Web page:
'Clean' review: Adrien Brody gets his hands very, very, very dirty
Oscar winner Brody stars as a man who can't outrun his violent past in director Paul Solet's grungy midnight thriller.
Academy Award-winner Adrien Brody goes dark as night in the ultraviolent "Clean," a deeply moody, very midnight-y revenge thriller that's like "John Wick" for the grindhouse set.
Brody, who co-wrote the script (and also composed the trap-laden score, respect), plays a mysterious upstate New York man with a haunted past who goes only by Clean. By day he puts fresh coats of paint on dilapidated inner-city homes and by night he drives a garbage truck, anything to keep his mind off his vice: sadistic, barbaric violence, usually inflicted with garage tools like his trusty heavy-duty wrench, which he wields like Thor's hammer of the gods.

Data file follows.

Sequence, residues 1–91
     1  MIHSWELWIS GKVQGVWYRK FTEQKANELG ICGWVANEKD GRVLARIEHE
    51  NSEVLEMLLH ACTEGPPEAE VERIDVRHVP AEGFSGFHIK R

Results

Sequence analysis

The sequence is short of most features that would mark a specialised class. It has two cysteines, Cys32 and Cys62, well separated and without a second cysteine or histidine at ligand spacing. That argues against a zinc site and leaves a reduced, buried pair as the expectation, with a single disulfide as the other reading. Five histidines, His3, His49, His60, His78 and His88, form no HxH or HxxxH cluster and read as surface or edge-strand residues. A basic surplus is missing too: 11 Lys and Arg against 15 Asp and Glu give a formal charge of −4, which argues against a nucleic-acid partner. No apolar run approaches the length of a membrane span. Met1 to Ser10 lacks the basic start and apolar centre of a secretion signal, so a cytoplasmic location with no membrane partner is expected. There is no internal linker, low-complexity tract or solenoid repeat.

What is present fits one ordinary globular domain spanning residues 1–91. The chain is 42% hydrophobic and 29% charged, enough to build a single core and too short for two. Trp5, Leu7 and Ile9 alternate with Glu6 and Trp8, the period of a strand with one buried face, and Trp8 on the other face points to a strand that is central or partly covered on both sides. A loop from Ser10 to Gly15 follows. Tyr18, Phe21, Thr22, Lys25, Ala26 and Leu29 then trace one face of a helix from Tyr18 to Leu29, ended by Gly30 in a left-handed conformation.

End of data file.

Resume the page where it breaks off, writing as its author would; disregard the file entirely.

Brody mutters "Taxi Driver"-like narration like he's been up for three whole nights and has no plans to go to sleep. "No matter how hard I try, I can't wash away the past," he grumbles, and pity the poor sound engineer who had to stay up until 4:30 in the morning recording the voiceover session.
But there's little chance of washing away that past, and it comes back with a vengeance when Clean mangles the face of the man who attacks the neighborhood girl he protects (another "Taxi Driver" tie) and reminds him of the daughter he once lost. That man is the son of a local mafioso, who is played by "Joker's" Glenn Fleshler in a role he chews on like it's a cheap skirt steak from a Coney Island.
Director Paul Solet creates a disturbing mood and builds to a climactic showdown that doesn't skimp on the gory details or grungy kills. "Clean" doesn't aim high, it aims low, but it hits its target square-on, and its murky depictions of gut-churning violence don't wash away easily.
Not rated: Extreme violence, language, adult situations
Running time: 93 minutes
In theaters and On Demand